James Conant was present at this conference, and informed Fieser about an unusual series of events at a DuPont plant in Delaware. A group of DuPont scientists, also under NDRC supervision, reported a series of explosions occurring during the production and testing of divinylacetylene, a synthetic drying oil for paints. These scientists found that exposing the oil to oxygen caused a violent, explosive chemical reaction. Conant asked the conference attendees if any of them would be willing to explore the potential military applications of divinylacetylene. Fieser was the first to volunteer.

Fieser enlisted one of his fellow NDRC scientists to work on this specific problem. Dr. E.B. Hershberg, a chemist for the Schering Corporation, had been on the Harvard faculty with Fieser since 1938. Hershberg was also a reserve officer with the Chemical Warfare Service, the branch of the United States Army responsible for the development and testing of chemical and biological weapons. Hershberg was the man for the job, being “experienced in the handling of military explosives, fuzes, poison gases, smoke pots, and grenades.”[5] At Harvard, Fieser and Hershberg made small bombs containing divinylacetylene, ignited by a black powder charge. Reminiscing about these bombs, Fieser notes, “We noticed also that when a viscous gel burns it does not become fluid but retains its viscous, sticky consistency. The experience suggested the idea of a bomb that would scatter large burning globs of sticky gel.”[6]

By the time Fieser and Hershberg reported the results of this test to the NDRC in June 1941, around the time that the Office of Scientific Research and Development (OSRD) assumed all responsibilities over American weapons research, the Royal Air Force and the German Luftwaffe already had months of experience using incendiary bombs against each other’s cities. The R.A.F. began bombing Berlin on August 25, 1940, and Germany responded in kind with attacks on London and other major English centers. It thus may not be surprising the War Ministry, who already had valuable contacts within the NDRC, was interested in Fieser’s bombs. In July 1941, Major Gerrard M. Rambaut of the British Air Ministry paid a visit to Fieser’s and Hershberg’s lab. Major Rambaut was responsible for the testing and development of incendiary bombs in England, and was interested in finding a way to increase the effectiveness of R.A.F. ordnance. The R.A.F.’s incendiary bombs relied on a mixture of magnesium and phosphorous, a mixture that ignited upon contact with oxygen, but that did not have the ballistic properties of divinylacytelene.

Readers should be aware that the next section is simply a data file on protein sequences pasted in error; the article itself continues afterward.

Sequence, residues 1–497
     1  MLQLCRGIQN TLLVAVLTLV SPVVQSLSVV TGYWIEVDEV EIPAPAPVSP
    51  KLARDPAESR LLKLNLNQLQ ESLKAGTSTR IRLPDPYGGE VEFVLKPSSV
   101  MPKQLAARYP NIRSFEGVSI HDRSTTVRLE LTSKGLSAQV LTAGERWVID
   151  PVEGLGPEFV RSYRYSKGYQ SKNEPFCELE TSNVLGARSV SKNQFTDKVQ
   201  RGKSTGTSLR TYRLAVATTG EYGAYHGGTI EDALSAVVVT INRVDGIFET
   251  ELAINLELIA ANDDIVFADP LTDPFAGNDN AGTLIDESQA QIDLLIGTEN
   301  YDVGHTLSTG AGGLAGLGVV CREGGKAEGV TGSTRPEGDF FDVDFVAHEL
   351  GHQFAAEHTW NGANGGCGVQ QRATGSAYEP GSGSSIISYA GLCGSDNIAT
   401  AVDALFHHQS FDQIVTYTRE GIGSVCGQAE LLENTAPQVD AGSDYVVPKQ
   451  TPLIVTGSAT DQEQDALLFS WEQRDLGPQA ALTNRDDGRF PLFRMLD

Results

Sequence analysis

A month later, the NDRC was reorganized, and Fieser’s group was assigned the task of developing chemical spray agents. A result of this reorganization was the NDRC’s decision to abandon development of petroleum-based incendiaries in favor of the British-style magnesium incendiary bomb, as well as a type of bomb that relied on a mixture of iron oxide and aluminum to create puddles of molten iron. Fieser, the consummate self-promoter, called Roger Adams at the NDRC and successfully lobbied for additional funds and manpower for the development of gasoline-based incendiaries. The resulting contract between the NDRC and Harvard called for the payment of $359,125 to a project called “Anonymous Research No. 4, OEMsr-179” — thus inaugurating the development and testing of incendiary weapons in the United States.[7]

Global events influenced the results of “Anonymous Research No.4, OEMsr-179.” Fieser originally wanted to develop a type of gasoline incendiary that relied on rubber for its jelling properties. In theory, once ignited by a small explosive charge, Fieser’s bomb would discharge the flaming, melting rubber in all directions. Although the tests were less than satisfactory, Fieser conceded to the Chemical Warfare Service’s desire to use a gasoline/rubber bomb, and suggested that the mix be placed in an M47 general purpose iron casing, the U.S. Army’s standard bomb at the time. On November 27, 1941, Fieser telegraphed the Chemical Warfare Service with a set of directions on how to “arm” a shipment of 10,000 M47 gasoline incendiaries en route to Manila: